On the Automated Generation of Optimization Heuristics: A Dream or Reality?

Thomas Bäck
Leiden Institute of Advanced Computer Science (LIACS), Leiden University, NL November 2024

For decades, researchers have been looking at paradigms gleaned from nature as inspiration for problem solving approaches, for example in the domain of optimization. There are many classes of such algorithms, including evolutionary algorithms, particle swarms, differential evolution, ant colony optimization, and the number of proposed variants of them is quite large. This makes it hard to keep track of the variants and their respective strengths, and even more so it creates a difficult situation for non-experts who are interested in selecting the best algorithm for their real-world application problem.

In this presentation, I will introduce and discuss ideas to automatically optimize the optimization heuristic. This task can be approached as an algorithm configuration problem, for which I will present some examples illustrating that this task can be handled by direct global optimization algorithms – in other words, by “automatically optimizing the optimization algorithm”. I will give an example how a combinatorial design space of thousands of configuration variants of evolution strategies in a so-called modular Covariance Matrix Adaptation Evolution Strategy framework can be searched, and how the results can be analyzed using data mining. This approach provides an opportunity for discovering the unexplored areas of the optimization algorithm design space. Extensions towards other algorithm design spaces such as particle swarm optimization and differential evolution are then outlined, too.

In the second part of the presentation, I will discuss a range of real-world engineering design applications, for which such an approach could truly provide a competitive advantage. In such cases, optimizing the optimization algorithm requires a proper definition of the problem class, for which the optimization is executed. For the example of automotive crash optimization problems, I will present first results demonstrating that these problems differ a lot from the classical benchmark test function sets used by academic community, and present an automated approach to find test functions that properly represent the real-world problem. First results on the performance gain that can be achieved by optimizing the optimization algorithm on such real-world problems are also presented.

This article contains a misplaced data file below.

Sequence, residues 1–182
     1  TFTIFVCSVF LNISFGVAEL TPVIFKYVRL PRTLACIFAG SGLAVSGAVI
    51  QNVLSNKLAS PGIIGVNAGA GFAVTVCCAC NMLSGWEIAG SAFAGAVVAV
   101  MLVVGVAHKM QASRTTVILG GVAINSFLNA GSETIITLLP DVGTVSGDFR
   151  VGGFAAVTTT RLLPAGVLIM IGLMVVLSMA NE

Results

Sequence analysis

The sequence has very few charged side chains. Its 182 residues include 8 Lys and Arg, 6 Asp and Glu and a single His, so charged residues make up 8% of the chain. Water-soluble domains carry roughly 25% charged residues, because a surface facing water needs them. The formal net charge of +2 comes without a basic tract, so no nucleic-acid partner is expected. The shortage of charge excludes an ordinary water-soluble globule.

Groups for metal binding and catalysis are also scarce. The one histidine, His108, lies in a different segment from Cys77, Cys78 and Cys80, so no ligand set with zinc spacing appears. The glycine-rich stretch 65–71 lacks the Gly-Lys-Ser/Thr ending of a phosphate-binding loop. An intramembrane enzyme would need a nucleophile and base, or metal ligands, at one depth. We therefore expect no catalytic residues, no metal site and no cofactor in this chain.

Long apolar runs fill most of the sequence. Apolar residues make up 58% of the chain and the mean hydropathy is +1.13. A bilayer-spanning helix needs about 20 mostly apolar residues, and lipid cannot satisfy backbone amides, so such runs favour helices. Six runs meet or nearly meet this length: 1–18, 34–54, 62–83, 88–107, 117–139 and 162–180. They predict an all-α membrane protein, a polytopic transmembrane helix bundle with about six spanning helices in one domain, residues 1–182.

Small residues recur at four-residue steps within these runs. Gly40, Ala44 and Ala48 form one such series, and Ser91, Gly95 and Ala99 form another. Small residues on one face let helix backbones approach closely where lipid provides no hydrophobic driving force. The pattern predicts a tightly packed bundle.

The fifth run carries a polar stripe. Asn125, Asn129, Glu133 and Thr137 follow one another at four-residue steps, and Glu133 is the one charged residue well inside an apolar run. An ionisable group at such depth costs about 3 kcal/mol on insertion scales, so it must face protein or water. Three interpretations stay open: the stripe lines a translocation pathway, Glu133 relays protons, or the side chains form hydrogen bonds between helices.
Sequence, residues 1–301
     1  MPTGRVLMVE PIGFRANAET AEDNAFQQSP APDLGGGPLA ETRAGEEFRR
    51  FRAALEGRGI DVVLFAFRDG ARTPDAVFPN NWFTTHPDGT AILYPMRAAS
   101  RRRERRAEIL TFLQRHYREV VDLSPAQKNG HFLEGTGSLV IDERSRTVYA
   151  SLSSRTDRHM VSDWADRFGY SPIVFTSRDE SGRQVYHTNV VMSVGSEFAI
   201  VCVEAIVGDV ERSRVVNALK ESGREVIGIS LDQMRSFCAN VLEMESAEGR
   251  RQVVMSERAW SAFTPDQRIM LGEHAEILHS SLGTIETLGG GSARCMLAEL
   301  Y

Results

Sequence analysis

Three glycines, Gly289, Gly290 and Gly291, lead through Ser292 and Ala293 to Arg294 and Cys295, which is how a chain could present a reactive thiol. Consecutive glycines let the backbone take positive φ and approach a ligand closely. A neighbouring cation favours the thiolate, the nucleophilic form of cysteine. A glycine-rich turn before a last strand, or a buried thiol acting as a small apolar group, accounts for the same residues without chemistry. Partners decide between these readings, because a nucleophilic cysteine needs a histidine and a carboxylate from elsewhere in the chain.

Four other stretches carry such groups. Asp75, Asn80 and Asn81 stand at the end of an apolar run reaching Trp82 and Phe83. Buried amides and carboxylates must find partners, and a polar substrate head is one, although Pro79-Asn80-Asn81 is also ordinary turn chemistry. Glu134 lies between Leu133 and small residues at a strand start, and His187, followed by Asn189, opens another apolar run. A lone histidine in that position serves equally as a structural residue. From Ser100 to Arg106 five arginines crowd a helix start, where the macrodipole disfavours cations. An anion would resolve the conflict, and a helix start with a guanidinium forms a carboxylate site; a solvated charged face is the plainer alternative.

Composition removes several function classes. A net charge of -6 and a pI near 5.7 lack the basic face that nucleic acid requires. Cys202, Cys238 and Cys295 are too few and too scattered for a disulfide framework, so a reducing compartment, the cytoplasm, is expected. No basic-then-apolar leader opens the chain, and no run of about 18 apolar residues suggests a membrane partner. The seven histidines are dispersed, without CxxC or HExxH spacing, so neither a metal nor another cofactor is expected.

To conclude, I will briefly show a novel approach for using a large language model in an iterative loop to automatically generate metaheuristic algorithms for optimization, and how this approach which we call LLaMEA (Large Language Model Evolutionary Algorithm) can generate novel metaheuristics that perform very well on a standard set of benchmark functions.

Peerapon Vateekul
Brief Biography

Thomas Bäck (Fellow, IEEE) received the Diploma degree in Computer Science in 1990 and the Ph.D. degree in Computer Science in 1994 (under supervision of H.-P. Schwefel), both from the University of Dortmund, Germany. He is Professor of Computer Science with the Leiden Institute of Advanced Computer Science (LIACS), Leiden University, Netherlands. His research interests include evolutionary computation, machine learning, and their real-world applications, especially in sustainable smart industry and health.

Dr. Bäck has been elected as member of the Royal Netherlands Academy of Arts and Sciences (KNAW, 2021), as IEEE Fellow (class of 2022), and as a member of Academia Europaea (2022). He was a recipient of the IEEE Computational Intelligence Society (CIS) Evolutionary Computation Pioneer Award in 2015, was elected as Fellow of the International Society of Genetic and Evolutionary Computation in 2003, and received the best Ph.D. thesis award from the German society of Computer Science (GI) in 1995.

He currently serves as an Editor in Chief of the Evolutionary Computation Journal (MIT Press), Associate Editor of the IEEE Transactions on Evolutionary Computation and Artificial Intelligence Review journals and area editor of the ACM Transactions on Evolutionary Learning and Optimization. He was also co-editor-in-chief of the Handbook of Evolutionary Computation (CRC Press/Taylor & Francis 1997), co-editor of the Handbook of Natural Computing (Springer, 2013), author of Evolutionary Computation in Theory and Practice (OUP, New York, 1996) and co-author of Contemporary Evolution Strategies (Springer, 2013).